North Korea has one of the worst — if not the worst — health care systems in the world. I’ve known this for a very a long time, but this point was driven home for me when one of the North Koreans I spent my day with today, a North Korean doctor, told me the following:
“I was trained as a doctor in North Korea, but feel immense guilt because I was unable to save lives in the very profession that is defined by saving lives.”
He, his colleagues, nor his hospital simply did not have the resources necessary to serve patients. Surgeries like appendectomies without anesthetics; sending patients armed with prescriptions and the hope to find medicines on the black market; “sterilizing” syringes with salt to reuse on the next patient; washing blood-soaked cotton balls for future re-use; storing hospital-made saline solution in beer bottles for patients’ IV are some of the memories that this doctor has of his working days in North Korea.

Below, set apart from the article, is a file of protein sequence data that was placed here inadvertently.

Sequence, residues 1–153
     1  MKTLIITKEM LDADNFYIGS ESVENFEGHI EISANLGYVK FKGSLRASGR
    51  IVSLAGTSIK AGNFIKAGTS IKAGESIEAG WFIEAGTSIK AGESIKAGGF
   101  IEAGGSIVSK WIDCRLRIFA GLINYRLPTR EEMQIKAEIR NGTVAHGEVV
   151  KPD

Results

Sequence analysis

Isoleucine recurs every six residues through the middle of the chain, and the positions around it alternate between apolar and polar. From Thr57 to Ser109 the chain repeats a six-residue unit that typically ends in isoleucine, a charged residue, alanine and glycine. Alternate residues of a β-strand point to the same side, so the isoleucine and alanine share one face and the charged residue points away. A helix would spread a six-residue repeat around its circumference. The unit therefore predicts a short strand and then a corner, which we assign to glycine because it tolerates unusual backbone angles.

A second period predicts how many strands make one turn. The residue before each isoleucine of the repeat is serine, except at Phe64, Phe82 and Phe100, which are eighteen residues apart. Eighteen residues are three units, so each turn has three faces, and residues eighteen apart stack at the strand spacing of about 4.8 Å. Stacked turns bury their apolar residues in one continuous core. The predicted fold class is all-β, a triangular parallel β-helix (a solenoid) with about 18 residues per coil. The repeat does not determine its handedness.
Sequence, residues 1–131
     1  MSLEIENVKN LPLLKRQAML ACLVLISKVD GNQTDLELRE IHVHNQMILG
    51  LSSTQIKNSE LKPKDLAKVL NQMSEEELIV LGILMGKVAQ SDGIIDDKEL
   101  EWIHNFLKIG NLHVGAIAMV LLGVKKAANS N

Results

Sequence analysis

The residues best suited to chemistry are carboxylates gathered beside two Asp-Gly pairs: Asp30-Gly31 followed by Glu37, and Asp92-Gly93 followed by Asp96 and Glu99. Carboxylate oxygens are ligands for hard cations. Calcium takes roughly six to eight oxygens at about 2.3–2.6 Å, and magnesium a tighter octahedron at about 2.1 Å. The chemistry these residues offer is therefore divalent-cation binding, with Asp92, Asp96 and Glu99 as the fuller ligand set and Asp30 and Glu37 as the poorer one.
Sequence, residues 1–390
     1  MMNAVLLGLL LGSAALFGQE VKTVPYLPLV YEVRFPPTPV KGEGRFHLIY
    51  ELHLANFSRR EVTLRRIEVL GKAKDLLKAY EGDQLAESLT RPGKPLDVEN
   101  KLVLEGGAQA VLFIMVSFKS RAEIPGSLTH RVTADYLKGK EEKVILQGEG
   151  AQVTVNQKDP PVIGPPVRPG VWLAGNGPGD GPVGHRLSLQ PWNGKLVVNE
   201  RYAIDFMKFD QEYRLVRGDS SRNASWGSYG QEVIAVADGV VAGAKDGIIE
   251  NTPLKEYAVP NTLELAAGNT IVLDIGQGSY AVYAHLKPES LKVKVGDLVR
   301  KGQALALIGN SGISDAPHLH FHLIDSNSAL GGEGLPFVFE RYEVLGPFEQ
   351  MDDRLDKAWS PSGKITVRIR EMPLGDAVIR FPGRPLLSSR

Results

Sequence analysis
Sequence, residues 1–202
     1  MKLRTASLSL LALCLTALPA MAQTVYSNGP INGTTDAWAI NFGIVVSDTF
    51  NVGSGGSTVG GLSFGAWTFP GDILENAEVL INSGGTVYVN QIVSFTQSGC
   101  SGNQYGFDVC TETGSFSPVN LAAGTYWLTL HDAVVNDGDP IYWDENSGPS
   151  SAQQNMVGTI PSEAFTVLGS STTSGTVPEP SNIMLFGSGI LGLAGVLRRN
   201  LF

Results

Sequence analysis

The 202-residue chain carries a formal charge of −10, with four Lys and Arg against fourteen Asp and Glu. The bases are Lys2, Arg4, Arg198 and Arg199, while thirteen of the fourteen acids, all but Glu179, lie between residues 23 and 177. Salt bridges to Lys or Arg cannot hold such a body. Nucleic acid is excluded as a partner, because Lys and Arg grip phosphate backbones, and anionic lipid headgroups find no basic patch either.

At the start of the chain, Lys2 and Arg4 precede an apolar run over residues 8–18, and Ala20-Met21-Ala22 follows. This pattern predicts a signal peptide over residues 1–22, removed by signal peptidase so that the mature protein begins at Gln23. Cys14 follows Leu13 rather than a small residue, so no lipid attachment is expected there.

The sheer multidimensional inhumanity of this country is so unquestionably blunt. I hope that the sweeping quantitative descriptions of this regime — numbers of deaths, percentage figure of the population that’s starving, the pennies that the average North Korean citizen makes per month, the number of people in prison camps, the number failed defections — do not make consumers of this information jaded to the individual haunting experiences that painfully comprise these numbers.
If you’re interested in learning more about this doctor’s story, and those of other North Koreans who are currently doing a tour of events on the East Coast, check out my previous post for their event details!